Craft Masonry is the starting point of every Mason's journey through the Order. Without it none of the other orders which follow could exist. It is therefore the most important element of Freemasonry.
Every Mason is a member of at least one Craft Lodge. A man becomes a Freemason by being initiated into one of these Craft Lodges, usually the one which meets nearest to where he lives or works, although there may be reasons why he joins one further away. At this point the newly made Mason is known as an Entered Apprentice. Over the course of the following months he will be passed to the degree of a Fellowcraft Freemason, and then raised to the degree of a Master Mason. Initiation, Passing and Raising are achieved by the carrying out of ritual work in the form of something like allegorical plays. Each ritual is designed to impart meaning to the Candidate and to lead him to contemplate certain lessons. At some stage a Mason may be invited to hold one of the offices of the lodge, and perhaps even progress to become Master.
Amongst all of this Masons are expected to put something back into society. They do this largely in two ways. Firstly they make contributions on a regular basis to the Masonic charitable "pots" (see the article on charitable works for more detail). Secondly they are members of a society which aims to take good men and make them even better, and they are expected to be upstanding members of society and to not only help their fellow man but to set a good example for others to follow.
Lodge meetings also provide a way of getting together with a lot of other like-minded people and to discuss matters in general, except for religion and politics, which are expressly forbidden. After each meeting it is usual to have a meal, called the Festive Board, and to be in friendly company in a relaxed atmosphere. A Mason may also visit any other lodge which meets under the constitution of the United Grand Lodge of England (UGLE), and be sure of a warm welcome. It is also possible for visits to be made to lodges overseas, provided that the ruling Grand Lodge is in amity with UGLE.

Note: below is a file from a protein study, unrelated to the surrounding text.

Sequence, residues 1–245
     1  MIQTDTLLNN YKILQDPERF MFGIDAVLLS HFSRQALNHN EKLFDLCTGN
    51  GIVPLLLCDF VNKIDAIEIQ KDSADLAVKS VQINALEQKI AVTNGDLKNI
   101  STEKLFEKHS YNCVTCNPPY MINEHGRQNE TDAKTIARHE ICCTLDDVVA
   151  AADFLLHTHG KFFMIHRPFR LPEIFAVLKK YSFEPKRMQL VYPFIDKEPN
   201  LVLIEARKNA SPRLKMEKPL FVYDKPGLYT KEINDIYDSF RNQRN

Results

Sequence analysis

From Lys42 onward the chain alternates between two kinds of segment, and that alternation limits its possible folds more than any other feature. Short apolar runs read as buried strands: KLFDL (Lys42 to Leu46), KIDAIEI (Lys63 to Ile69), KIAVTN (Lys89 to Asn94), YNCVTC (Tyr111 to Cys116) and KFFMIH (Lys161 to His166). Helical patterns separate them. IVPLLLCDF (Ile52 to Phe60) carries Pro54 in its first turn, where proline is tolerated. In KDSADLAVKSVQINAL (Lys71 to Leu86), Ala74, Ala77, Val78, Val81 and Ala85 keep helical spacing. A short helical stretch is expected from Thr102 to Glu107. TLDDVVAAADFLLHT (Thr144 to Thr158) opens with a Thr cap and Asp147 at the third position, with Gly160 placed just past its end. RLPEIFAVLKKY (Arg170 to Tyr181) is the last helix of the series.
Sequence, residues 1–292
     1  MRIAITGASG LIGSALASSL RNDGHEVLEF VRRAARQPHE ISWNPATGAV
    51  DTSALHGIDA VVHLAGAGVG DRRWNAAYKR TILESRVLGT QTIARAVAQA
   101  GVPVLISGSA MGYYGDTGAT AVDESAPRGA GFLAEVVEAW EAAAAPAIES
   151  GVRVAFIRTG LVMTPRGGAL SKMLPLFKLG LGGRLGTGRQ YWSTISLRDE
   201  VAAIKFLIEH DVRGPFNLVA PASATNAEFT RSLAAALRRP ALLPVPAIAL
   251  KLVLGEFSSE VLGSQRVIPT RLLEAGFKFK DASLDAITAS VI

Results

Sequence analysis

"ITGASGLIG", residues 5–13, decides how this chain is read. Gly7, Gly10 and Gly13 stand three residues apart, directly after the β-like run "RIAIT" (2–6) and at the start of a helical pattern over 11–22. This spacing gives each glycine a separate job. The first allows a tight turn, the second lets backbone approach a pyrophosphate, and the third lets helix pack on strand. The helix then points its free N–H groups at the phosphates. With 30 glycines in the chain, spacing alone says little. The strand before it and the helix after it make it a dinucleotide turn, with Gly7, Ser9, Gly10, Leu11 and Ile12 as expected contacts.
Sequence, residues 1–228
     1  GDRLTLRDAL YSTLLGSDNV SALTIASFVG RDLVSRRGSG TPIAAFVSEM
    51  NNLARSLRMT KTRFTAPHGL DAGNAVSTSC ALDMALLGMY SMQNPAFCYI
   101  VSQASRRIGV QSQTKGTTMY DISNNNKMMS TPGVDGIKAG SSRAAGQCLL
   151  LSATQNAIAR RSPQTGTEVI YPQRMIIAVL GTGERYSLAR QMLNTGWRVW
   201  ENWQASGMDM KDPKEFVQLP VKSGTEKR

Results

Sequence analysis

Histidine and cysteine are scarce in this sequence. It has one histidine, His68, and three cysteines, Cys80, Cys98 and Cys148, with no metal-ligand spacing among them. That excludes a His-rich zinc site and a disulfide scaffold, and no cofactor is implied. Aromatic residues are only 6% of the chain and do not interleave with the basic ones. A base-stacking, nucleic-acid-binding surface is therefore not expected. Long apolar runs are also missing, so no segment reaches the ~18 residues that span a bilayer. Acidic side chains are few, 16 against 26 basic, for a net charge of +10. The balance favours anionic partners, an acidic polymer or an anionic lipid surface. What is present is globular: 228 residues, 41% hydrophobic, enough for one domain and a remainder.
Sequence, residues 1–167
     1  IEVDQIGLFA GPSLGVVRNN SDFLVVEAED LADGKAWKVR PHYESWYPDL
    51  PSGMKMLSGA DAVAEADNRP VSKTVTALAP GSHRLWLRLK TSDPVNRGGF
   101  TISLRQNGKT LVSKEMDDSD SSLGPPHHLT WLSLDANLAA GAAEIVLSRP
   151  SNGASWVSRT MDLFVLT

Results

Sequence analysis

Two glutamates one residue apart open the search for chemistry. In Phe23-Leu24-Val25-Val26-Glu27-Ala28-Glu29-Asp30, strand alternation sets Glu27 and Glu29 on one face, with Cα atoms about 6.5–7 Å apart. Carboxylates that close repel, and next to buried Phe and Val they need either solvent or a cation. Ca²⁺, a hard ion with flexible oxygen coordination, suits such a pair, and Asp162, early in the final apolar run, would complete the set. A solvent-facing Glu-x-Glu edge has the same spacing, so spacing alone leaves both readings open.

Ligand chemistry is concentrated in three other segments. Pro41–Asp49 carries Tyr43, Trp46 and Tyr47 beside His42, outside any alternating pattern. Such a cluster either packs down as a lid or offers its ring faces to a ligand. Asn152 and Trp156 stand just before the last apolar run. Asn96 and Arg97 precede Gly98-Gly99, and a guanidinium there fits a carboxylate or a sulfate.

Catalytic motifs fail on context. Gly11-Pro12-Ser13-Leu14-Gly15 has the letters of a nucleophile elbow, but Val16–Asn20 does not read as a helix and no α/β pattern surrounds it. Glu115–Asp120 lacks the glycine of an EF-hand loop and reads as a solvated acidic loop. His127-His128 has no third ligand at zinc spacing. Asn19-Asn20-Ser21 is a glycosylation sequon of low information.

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The Royal Arch
Freemasonry is often described as "a journey of discovery" and when a Mason has completed the early stages of his development, he is free to join other Orders in Freemasonry. The Royal Arch is acknowledged as the most important of these additional steps. In England and Wales, there is an indissoluble link with Craft Freemasonry, with the Royal Arch being considered the completion of a Freemason's journey through ‘pure ancient masonry. It is the only Order that is also administered from Masonry's headquarters in Great Queen Street, London.
The governing body is called Supreme Grand Chapter and is headed by the First Grand Principal the Duke of Kent. As with Craft Masonry, the Country is divided into geographical areas and the Royal Arch Province of Nottinghamshire is known as the Provincial Grand Chapter of Nottinghamshire.
The Royal Arch Province of Nottinghamshire is headed by a Grand Superintendent, appointed by Supreme Grand Chapter, and he is assisted by a Deputy and two Principals. The Provincial head office is based in the imposing building on Goldsmith Street, Nottingham.
The purpose of Provincial Grand Chapter is to be the interface between Supreme Grand Chapter and the Chapters that meet in the various Masonic centres around Nottinghamshire. The head of the administration section is the Provincial Scribe Ezra and he is the main point of contact with Supreme Grand Chapter, the Chapters and the outside world.
The Province has an Annual General Meeting held in May each year which is presided over by the Grand Superintendent. This meeting provides the opportunity for the whole Province to come together and to recognise the achievements of individual members for their service to individual Chapters or the Province. The event is always attended by senior representatives from the neighbouring Provinces.